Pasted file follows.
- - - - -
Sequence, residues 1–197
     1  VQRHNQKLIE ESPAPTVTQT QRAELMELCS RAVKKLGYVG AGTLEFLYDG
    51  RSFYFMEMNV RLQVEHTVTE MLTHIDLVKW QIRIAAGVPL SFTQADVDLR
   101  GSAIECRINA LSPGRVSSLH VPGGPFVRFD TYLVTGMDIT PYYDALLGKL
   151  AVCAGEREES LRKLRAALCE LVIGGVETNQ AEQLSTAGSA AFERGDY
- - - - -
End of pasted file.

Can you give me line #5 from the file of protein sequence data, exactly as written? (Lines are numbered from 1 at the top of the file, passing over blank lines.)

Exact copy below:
   151  AVCAGEREES LRKLRAALCE LVIGGVETNQ AEQLSTAGSA AFERGDY